Things I Learned on the Way to Looking up other Things #15

17 Jun

Fullerton’s Prediction

Seven years before he watched the events of the 1919 World Series unfold from the press box, Hugh Fullerton warned readers of The Chicago Record-Herald:

“Baseball as a great national sport is in greater peril today than ever before.  Not until the present week did I realize this fact.  The gamblers, bookmakers and handbook men, who ruined horse racing…and who made fighting a noisome scandal, have attached themselves to baseball this year as never before”

Hugh Fullerton

Hugh Fullerton

“The King of them all for Superstitiousness”

In 1916, Napoleon Lajoie, then a member of the Philadelphia Athletics, told The Cleveland Press:

“I have known many a ballplayer who collected hairpins, held his breath if he saw a circus horse, but Bill Armour was the king of them all for superstitiousness.

Bill Armour

Bill Armour

“If you put a ladder in front of the door to his room Bill would have jumped out of the window sooner than have come under that ladder.  I think he would have stayed in there and starved to death rather than let the ‘jinx’ take him overboard because he went under a step-ladder.   Me?  No, I am not superstitious, it’s all nonsense.

“Going to fetch me a black cat?  Don’t bring it up here; we have enough bad luck as it is without any black cat hanging around the clubhouse.”

Napoleon Lajoie

Napoleon Lajoie

Black cat or not, Lajoie was correct about the Athletics “bad luck.”  The team finished in eighth place with a 36-117 record.  The forty-one-year-old Lajoie hit just .246; 92 points below his career average.  He retired at the end of the season.

“Any old Manager can run a Team of real Baseball Players”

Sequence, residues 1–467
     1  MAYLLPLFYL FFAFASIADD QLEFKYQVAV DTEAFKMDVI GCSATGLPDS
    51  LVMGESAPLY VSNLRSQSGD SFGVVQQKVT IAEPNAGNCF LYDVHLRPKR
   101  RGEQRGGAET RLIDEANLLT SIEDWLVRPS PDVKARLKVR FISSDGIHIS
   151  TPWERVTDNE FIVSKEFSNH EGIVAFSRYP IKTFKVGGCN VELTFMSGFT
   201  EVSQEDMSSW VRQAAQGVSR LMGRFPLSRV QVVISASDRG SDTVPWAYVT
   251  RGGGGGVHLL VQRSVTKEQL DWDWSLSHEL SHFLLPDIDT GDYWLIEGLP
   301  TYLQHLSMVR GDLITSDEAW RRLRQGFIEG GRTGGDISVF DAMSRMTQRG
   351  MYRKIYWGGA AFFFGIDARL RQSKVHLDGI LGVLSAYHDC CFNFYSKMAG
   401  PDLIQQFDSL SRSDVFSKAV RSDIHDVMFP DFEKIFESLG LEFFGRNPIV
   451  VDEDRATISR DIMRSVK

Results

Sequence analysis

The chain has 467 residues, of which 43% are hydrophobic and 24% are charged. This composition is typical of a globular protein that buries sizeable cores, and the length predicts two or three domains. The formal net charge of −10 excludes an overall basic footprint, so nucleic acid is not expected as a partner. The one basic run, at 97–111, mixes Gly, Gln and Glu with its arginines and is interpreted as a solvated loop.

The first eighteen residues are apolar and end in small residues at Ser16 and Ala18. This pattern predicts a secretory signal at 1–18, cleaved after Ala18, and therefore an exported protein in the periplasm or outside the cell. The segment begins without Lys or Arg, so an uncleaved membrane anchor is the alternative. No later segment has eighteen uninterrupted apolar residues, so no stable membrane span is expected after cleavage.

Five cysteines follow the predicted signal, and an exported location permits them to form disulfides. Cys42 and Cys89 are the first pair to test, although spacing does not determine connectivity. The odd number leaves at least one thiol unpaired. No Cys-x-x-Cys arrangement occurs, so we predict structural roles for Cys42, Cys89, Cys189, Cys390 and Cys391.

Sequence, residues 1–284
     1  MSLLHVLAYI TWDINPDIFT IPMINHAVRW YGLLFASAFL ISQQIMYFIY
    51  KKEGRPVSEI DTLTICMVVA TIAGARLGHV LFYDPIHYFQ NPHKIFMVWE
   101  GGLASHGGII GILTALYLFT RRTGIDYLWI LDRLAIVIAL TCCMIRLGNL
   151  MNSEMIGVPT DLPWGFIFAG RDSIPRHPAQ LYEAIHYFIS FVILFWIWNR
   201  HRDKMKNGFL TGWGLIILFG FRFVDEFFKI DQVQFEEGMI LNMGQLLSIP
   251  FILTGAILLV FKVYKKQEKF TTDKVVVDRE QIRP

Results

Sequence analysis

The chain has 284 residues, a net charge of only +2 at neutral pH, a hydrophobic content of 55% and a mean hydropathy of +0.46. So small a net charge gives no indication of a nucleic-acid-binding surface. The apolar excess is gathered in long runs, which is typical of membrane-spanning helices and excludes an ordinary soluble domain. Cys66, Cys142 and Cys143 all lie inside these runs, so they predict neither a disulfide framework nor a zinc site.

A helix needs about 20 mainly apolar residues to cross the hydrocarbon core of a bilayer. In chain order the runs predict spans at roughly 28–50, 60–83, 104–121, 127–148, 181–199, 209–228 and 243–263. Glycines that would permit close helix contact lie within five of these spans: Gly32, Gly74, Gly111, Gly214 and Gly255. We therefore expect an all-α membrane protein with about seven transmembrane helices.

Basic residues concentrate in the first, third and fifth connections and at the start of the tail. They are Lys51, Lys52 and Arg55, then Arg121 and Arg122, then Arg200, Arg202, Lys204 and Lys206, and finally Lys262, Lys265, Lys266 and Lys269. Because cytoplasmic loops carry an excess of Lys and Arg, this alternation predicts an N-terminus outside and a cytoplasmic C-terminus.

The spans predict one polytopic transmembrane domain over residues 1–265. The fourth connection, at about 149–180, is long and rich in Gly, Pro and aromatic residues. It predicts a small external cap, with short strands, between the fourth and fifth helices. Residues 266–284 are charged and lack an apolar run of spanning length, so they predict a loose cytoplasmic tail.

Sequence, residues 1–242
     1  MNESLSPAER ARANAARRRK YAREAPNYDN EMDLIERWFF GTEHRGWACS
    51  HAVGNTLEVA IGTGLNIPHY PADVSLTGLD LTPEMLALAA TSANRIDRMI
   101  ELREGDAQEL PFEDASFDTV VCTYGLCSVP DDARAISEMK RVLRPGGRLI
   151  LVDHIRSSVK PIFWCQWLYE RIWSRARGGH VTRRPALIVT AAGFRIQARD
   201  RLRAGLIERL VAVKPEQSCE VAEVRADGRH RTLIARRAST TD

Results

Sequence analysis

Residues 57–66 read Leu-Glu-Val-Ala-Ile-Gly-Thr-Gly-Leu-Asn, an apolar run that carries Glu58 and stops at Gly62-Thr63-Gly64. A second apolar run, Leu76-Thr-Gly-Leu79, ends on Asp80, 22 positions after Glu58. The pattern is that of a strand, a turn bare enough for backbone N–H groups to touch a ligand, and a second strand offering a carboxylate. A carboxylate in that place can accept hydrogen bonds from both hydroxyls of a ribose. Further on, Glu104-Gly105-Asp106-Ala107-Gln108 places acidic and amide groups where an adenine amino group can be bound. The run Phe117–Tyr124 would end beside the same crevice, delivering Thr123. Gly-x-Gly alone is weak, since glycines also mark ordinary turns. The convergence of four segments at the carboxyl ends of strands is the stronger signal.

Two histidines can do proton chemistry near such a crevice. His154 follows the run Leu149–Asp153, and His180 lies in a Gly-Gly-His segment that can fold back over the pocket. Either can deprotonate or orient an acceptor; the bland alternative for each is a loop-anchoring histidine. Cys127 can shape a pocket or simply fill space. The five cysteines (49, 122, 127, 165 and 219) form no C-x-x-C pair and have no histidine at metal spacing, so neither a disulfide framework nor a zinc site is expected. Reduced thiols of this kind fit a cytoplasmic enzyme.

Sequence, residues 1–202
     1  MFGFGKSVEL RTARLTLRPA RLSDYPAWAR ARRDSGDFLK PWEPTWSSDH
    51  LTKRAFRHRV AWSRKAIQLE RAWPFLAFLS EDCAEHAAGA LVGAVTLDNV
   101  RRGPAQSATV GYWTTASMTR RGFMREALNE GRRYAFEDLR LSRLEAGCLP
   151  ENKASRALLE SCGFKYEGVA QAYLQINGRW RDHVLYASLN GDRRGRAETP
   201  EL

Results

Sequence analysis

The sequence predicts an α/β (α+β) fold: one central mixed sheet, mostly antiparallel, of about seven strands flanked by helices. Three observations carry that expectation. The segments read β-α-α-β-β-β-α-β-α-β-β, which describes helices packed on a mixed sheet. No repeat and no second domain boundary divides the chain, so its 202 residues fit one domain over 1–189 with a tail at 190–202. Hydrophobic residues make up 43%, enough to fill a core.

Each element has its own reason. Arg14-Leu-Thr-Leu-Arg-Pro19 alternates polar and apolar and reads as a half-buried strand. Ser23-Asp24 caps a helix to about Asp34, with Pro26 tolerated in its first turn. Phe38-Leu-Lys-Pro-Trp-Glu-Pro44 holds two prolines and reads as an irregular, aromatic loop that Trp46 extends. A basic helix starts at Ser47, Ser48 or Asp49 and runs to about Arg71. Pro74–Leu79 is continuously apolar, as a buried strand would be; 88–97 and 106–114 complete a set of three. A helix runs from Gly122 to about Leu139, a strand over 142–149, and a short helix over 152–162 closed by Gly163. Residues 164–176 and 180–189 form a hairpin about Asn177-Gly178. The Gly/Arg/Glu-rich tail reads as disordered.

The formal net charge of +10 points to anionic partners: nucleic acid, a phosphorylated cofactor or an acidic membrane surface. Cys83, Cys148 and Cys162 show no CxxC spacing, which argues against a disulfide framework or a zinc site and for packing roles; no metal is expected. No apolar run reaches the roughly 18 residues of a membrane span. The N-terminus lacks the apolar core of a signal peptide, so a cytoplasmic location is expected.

Bill Dinneen pitched in the major leagues for 12 seasons, and a month after his playing career ended he began his 28-year tenure as an American League umpire

Bill Dinneen

Bill Dinneen

In 1910, he told Joseph Samuel “Joe” Jackson, sports editor of The Washington Post, how major league clubs should allocate money:

“’If I were a club owner, I would invest $15,000 in a scout and $5,00 in a manger  And old manager can run a team of real baseball players  But the best leader in the world can’t make bad material good  Every major league team needs a thoroughbred judge of raw material more than a teacher of baseball tricks’’’

Jackson said Dinneen’s observation confirmed what he thought while watching the Philadelphia Athletics beat the Chicago Cubs four games to one in that year’s World Series

“His remarks come merely to emphasize what the world’s series showed—that a club that is hitting the ball over the lot, and giving its pitchers support, will set at naught all schemes to beat it by carefully thought out plans that might be applicable if the other fellows would stop making so many base hits”

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2 Responses to “Things I Learned on the Way to Looking up other Things #15”

Trackbacks/Pingbacks

  1. “Waddell got in his Deadly Work” | Baseball History Daily - September 28, 2015

    […] with most stories about Waddell, later versions embellished some of the facts.  In 1918, Bill Dinneen, the losing pitcher in the game—and American League umpire from 1909-1937—told a version of the […]

  2. “He thought he knew more than his Manager” | Baseball History Daily - October 14, 2015

    […] together. I sent in Jack Chesbro, who at the time was one of the greatest pitchers in baseball.  ‘Big’ Bill Dinneen worked for Boston, and when he was right had few […]

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